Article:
No one enjoys experiencing negative emotions. After all, they’re painful. Our brains are hardwired to seek pleasure and avoid pain. As such, we suppress jealously, envy, shame, embarrassment, guilt, fear and anxiety, berating ourselves for feeling that way. We associate such feelings with weakness, suffering in silence and isolation.
Constructively confronting our negative emotions, without abandoning our emotional selves, can help us achieve crucial life goals and maintain relationships that put us on a happier path. They are signals that something is wrong, urging us to make the sort of changes that save us from self-destructive behaviors. Here are the four most common negative emotions, along with ways to constructively confront them.
Anger. When we’re insulted, undervalued, taken advantage of, or disrespected, our heart rate quickens, we sweat more, have difficulty expressing our thoughts, and our rational capacities quickly go out the window. Swallowing anger isn’t helpful and can lead to depression and physical illness.
Tip: Asserting ourselves in a rational fashion when angered affords the chance to regain self-respect. It’s a signal to others that we have strength, resources and resolve.
Disappointment. Experiencing disappointment is essential for development and growth. If we deny those feelings, we won’t have the motivation to grow, change and explore.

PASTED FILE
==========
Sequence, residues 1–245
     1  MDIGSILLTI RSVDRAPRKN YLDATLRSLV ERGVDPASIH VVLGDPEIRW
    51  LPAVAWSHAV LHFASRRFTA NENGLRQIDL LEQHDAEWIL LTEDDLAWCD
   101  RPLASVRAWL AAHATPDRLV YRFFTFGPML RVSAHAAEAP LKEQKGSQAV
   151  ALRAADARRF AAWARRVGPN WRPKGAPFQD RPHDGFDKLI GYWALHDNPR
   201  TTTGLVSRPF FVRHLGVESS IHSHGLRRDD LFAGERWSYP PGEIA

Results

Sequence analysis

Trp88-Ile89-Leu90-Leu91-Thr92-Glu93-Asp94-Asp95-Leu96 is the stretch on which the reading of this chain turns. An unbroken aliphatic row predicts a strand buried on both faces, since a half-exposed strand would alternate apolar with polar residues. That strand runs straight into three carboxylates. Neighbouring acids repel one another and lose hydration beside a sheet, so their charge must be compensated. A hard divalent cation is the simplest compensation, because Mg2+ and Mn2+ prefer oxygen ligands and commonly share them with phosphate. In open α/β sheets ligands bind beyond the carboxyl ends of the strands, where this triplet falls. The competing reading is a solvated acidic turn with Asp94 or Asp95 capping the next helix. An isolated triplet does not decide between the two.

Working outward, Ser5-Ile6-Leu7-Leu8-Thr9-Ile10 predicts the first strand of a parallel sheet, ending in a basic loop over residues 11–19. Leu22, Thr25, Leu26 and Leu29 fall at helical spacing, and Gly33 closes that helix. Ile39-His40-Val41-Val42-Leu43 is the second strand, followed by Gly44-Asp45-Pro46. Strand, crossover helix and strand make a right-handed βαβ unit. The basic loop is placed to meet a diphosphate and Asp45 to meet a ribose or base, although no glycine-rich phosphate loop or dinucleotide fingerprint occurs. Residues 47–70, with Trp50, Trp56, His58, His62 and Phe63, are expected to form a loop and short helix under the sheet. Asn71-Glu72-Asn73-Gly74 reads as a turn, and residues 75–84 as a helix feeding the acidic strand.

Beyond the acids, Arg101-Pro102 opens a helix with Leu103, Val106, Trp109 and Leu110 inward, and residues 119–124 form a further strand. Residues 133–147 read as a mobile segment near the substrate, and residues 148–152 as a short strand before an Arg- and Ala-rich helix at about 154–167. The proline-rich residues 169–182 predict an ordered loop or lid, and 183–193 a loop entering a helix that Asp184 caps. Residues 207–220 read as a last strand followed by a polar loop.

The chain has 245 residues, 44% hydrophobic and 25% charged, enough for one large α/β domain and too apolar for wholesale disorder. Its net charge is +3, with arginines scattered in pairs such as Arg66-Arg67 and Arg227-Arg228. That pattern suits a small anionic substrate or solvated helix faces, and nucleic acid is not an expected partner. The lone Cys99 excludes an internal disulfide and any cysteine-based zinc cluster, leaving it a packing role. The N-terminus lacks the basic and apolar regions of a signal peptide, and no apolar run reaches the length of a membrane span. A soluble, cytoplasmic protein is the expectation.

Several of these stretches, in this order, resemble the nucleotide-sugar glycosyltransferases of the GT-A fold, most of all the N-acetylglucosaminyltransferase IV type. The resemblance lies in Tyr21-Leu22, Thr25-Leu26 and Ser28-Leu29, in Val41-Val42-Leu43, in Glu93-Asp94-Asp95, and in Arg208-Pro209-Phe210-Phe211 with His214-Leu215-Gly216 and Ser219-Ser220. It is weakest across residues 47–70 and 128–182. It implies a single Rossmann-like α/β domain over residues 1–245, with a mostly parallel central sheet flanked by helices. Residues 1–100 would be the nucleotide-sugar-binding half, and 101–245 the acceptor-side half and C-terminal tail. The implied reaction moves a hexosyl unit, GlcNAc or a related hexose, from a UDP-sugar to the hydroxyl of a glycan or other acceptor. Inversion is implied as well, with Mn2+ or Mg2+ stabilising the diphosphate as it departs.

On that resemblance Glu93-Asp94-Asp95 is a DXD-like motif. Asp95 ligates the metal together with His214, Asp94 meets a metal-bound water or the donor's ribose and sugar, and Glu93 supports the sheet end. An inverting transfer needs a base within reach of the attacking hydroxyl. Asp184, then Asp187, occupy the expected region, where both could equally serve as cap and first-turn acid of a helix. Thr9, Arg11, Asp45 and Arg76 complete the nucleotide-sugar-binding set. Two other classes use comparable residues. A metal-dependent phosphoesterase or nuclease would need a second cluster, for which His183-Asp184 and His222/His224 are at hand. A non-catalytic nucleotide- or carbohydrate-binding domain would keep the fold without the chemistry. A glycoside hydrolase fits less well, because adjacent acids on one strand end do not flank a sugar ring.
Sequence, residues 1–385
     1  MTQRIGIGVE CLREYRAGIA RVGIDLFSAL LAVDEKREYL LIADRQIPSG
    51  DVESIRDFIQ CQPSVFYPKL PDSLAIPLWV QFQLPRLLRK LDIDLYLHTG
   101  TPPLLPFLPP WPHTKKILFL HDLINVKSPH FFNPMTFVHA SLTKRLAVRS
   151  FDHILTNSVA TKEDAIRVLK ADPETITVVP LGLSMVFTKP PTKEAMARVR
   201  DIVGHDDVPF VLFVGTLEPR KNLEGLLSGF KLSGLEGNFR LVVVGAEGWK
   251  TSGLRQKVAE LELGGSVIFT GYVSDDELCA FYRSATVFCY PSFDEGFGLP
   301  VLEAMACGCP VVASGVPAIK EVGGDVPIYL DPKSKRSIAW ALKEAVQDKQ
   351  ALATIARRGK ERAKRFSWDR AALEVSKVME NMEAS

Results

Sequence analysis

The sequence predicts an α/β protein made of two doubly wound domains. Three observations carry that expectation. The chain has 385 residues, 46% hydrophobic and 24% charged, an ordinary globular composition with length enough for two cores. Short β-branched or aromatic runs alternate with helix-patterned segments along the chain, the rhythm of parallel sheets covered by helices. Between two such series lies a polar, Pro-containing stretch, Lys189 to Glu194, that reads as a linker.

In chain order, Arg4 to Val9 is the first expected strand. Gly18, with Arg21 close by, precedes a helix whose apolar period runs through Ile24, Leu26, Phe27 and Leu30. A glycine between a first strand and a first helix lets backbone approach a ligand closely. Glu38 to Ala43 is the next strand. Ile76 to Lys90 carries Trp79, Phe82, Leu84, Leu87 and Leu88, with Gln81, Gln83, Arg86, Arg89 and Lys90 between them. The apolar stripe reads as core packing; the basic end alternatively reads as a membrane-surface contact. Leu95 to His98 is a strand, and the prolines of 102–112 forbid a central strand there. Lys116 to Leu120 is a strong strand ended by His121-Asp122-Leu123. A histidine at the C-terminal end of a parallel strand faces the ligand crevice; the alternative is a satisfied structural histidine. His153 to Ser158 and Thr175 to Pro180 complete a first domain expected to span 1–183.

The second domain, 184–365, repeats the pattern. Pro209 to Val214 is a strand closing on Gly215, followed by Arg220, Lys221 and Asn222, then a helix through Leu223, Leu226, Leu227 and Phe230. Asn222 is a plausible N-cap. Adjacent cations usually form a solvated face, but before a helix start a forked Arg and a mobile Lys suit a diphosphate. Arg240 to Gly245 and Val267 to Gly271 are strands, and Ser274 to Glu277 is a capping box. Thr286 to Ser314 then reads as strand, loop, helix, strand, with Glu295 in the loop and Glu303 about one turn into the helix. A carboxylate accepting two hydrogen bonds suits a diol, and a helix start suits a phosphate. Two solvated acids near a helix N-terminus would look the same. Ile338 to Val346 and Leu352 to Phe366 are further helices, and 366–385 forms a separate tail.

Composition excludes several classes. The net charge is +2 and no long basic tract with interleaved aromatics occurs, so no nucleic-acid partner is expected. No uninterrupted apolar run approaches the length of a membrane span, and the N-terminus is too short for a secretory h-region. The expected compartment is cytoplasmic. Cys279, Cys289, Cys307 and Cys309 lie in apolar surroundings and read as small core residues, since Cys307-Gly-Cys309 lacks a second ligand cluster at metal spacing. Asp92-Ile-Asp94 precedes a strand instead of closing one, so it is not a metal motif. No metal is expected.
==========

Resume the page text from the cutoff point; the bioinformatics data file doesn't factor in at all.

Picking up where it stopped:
Tip: Give yourself permission to feel sad and mourn. Then adjust your expectations and create goals that are realistic and achievable. If your expectations are in line with your goals, you won’t be disappointed as often.
Fear. We react to fear with an innate fight-or-flight response crucial to our survival. Sometimes, though, our anticipated fears are imagined. Regular false alarms can become irrational fears, which underlie most anxiety disorders.
Tip: It’s imperative to decipher whether your fears are rational or irrational, but that can be difficult when we’re in fight-or-flight mode. Find a relaxation strategy that works for you (deep breathing, visualization, etc.). Once you bring your emotional temperature down, you’ll be in a better place to decipher which fears are truly worthy of your full attention.
Guilt. When we examine our guilty feelings, we learn from our mistakes. On a larger scale, guilt helps us to function as a civilized society. It’s our moral and ethical compass.
Tip: Learn to accept that you will make mistakes—we all do. A healthy dose of guilt often ensures that we don’t make the same mistake twice. But it’s important to let go after taking the steps to repair the mistake. Not doing so contributes to depression and low self-esteem, inhibiting us from learning from mistakes.